“One of the biggest challenges for sustainability reporting, for example, is understanding the data needed to report certain metrics, getting access to it and managing the calculations required to adequately report emissions,” he continues, noting that his firm helps companies “not only develop a strategy for collecting data but also help them adequately analyze it so they can figure out which sources are emitting the most and deploy effective strategies to address the findings.
“Companies that can embed ESG into their overall strategies will unlock value,” he states. “For example, by embedding climate goals into firmwide strategies and operations, everyone involved is thus held accountable to helping meet these targets.”
Citing the finding that 47% of life sciences CEOs said that hybrid/remote work during the pandemic has had a positive effect on collaboration and innovation, he explains that “over the last few years as employees across sectors have been working in an increasingly hybrid environment, one challenge that has come up is the ability to collaborate effectively. Yet our survey highlights that nearly half of the life sciences CEOs said the hybrid model has had positive impact regarding collaboration and innovation. Again, I think this point speaks to one of the strengths we’ve seen historically in life sciences, and that is resiliency.”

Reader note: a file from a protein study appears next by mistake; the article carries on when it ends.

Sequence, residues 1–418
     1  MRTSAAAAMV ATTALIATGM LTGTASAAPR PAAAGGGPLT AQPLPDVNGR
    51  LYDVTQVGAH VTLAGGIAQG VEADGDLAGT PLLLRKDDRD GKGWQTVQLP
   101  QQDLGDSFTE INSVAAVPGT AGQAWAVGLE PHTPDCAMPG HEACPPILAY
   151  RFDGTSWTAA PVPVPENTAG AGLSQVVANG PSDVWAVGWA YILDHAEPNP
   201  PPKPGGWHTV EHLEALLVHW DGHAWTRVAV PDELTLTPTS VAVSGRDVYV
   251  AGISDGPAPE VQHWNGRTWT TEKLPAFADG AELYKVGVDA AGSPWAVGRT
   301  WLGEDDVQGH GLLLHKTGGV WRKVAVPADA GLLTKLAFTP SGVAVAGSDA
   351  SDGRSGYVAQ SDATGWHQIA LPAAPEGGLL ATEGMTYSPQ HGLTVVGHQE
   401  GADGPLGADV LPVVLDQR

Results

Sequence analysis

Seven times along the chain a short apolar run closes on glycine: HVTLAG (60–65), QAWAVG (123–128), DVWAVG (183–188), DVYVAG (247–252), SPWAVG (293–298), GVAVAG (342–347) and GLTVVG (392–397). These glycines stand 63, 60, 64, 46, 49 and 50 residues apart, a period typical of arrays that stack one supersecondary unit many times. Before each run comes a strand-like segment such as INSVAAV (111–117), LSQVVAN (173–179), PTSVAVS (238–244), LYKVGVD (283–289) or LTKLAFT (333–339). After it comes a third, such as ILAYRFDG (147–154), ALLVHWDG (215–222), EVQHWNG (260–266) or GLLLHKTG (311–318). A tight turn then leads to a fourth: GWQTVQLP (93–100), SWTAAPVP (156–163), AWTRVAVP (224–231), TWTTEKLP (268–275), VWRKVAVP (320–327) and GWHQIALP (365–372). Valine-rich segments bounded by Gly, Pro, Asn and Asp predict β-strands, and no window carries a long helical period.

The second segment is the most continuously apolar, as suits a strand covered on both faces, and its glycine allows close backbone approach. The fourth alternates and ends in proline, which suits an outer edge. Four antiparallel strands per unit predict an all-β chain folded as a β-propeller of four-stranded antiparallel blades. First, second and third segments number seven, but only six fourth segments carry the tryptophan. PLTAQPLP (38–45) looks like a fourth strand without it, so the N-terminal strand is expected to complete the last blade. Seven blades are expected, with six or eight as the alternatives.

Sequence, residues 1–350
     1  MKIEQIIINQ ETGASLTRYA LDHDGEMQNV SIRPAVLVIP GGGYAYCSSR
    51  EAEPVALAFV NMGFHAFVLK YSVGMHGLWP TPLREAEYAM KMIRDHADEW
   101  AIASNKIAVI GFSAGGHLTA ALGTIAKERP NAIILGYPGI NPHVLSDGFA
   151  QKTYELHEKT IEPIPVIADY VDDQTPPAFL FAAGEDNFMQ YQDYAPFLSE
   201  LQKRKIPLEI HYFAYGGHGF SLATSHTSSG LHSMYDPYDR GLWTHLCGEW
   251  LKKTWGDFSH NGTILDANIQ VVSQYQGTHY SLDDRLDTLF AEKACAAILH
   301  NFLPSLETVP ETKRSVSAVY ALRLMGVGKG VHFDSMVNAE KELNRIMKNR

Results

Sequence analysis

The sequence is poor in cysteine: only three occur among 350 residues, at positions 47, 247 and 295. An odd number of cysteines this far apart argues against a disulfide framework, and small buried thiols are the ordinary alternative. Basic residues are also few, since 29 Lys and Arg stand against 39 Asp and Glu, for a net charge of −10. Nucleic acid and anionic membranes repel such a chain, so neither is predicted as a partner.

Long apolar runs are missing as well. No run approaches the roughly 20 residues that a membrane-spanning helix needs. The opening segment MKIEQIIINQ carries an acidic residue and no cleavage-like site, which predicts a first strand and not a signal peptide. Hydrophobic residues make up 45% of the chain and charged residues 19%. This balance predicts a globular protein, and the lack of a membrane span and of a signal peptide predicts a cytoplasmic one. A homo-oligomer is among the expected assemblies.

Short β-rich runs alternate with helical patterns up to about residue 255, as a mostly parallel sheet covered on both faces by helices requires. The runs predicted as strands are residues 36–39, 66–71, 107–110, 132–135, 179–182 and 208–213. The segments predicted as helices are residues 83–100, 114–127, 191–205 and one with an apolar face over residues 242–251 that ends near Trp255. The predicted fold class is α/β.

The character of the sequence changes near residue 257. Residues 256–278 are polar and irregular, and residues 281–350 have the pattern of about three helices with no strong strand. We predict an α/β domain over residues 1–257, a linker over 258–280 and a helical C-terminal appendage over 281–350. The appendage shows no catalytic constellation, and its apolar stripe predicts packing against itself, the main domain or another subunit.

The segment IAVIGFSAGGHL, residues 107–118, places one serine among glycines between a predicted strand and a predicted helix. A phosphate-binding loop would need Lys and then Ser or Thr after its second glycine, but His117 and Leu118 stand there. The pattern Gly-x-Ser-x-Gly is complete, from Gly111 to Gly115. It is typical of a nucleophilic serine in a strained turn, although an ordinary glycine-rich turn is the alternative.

With a little less than half of respondents saying that hybrid/remote work has had a positive impact on employee retention, “while it’s the third year of employees, across industries, operating in a hybrid (or entirely remote) world, there is still a lot of uncertainty about what the future of work will look like,” observes Champagne. “The changing nature of work, even if it’s more hybrid, created new values, norms and expectations in terms of acceptable ways of doing business, which ultimately impacts company culture. Depending on the company, this impact may or may not have been a negative outcome. The new way of working did, however, create a new challenge for business leaders and employees, as being virtual can make some employees feel more out of touch. Ultimately it comes down to the employee value proposition and finding what individual candidates find most valuable for their work life.”